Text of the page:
Speeding Up SELECT Queries with Parquet Page Indexes

Speeding Up SELECT Queries with Parquet Page Indexes

Analytical SQL engines like Apache Impala are great for large table scans and aggregation query workloads.  Individual tables in the big data ecosystem can reach petabytes in size, so achieving fast query response times requires intelligent filtering of table data based on conditions in the WHERE or HAVING clauses. Typically, you partition large tables using one or more columns that can effectively filter the range of data. For example, date columns are often chosen as partition keys so partitions of data can be eliminated when a date range is specified in SQL queries. In addition to filtering at the partition level, the Parquet file format supports filtering at the file level based on the minimum and maximum values of each column in the file. These minimum/maximum column values are stored in the footer of the file. If the range between the minimum and maximum value in the file does not overlap with the range of data specified by the query, then the system skips the entire file during scans.  In the past, filtering file-level minimum/maximum statistics has been coarse grained: if an entire file could not be skipped, the entire file had to be read. However, with the addition of Parquet Page Indexes to the Parquet format in CDP 1.0, scanners can further reduce the amount of data being read from disk, offering a significant performance boost for SELECT queries in Impala.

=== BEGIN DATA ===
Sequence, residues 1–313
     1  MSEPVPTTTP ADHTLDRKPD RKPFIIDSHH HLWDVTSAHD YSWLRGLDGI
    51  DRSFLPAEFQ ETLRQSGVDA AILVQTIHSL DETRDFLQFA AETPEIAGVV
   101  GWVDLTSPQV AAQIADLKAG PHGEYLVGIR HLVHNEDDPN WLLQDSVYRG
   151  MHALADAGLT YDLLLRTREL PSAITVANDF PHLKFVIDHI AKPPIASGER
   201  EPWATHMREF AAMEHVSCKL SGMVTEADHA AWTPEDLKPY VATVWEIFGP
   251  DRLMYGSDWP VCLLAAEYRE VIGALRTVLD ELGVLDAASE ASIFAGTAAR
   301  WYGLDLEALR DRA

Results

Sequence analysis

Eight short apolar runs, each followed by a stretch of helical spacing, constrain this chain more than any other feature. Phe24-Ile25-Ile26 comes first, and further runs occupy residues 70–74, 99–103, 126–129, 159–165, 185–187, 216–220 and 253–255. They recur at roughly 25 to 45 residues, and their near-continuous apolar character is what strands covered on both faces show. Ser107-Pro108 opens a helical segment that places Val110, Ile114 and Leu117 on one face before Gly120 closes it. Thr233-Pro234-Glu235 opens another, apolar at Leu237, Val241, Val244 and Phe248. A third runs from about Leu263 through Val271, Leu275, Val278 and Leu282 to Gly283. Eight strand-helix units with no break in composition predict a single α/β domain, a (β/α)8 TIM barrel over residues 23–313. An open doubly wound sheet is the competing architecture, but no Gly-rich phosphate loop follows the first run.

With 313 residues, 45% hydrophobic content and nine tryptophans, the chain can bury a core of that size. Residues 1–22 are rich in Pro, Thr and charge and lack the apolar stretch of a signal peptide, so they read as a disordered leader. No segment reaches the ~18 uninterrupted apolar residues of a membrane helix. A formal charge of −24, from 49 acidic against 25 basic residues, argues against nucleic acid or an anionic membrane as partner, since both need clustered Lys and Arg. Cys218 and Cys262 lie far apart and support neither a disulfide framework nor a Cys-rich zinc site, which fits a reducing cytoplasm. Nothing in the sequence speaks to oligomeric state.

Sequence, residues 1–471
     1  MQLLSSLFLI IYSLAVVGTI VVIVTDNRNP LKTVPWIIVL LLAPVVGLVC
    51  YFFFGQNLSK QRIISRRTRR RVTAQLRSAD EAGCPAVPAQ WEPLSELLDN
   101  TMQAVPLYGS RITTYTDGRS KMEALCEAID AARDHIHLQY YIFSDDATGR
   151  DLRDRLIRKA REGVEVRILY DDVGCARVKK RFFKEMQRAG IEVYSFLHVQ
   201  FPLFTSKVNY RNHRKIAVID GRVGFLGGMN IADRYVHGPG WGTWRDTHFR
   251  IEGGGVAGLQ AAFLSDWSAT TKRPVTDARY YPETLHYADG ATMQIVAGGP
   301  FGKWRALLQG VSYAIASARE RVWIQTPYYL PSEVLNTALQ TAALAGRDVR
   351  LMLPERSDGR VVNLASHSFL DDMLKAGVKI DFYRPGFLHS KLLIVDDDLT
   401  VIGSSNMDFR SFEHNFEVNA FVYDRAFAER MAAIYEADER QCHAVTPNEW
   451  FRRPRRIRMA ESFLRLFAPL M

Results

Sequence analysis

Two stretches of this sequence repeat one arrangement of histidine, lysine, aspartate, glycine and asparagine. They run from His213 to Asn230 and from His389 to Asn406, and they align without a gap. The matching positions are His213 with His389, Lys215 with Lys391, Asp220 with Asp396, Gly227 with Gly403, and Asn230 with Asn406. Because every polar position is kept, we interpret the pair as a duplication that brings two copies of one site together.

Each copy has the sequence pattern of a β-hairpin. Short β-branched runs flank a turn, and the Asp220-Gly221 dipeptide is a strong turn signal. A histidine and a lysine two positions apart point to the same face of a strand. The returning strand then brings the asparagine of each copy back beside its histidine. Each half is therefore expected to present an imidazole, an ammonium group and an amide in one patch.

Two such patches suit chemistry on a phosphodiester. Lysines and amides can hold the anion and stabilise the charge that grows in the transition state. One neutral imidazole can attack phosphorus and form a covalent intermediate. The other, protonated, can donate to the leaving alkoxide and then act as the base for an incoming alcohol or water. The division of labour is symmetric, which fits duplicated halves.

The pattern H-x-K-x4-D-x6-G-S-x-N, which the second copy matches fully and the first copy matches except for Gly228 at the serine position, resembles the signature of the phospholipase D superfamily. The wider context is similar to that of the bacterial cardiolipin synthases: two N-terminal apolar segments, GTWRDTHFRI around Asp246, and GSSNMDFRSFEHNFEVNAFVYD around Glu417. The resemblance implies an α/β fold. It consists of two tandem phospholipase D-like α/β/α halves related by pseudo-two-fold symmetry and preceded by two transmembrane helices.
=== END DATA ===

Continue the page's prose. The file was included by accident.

About Parquet

Apache Parquet is a binary file format for storing data. Most often it is used for storing table data. Parquet organizes the data into row groups, and each row group stores a set of rows. Internally a row group is column-oriented. This means that the row group is divided into entities that are called “column chunks.” They are called column chunks because a row group stores only a fragment of a column. Column-oriented means that the values belonging to the first column chunk are stored next to each other, then the values of the second column chunk, and so on. In this sense, to be column-oriented means the values are organized by column chunks, and the column chunks contain the data pages which ultimately store the data.  At the end of the file, there is the Parquet footer that stores the metadata.

The whole Parquet file looks like the following diagram (Figure 1). In this diagram, the boxes symbolize the column values and boxes that have the same color belong to the same column chunk:

Figure 1

Minimum/Maximum Filtering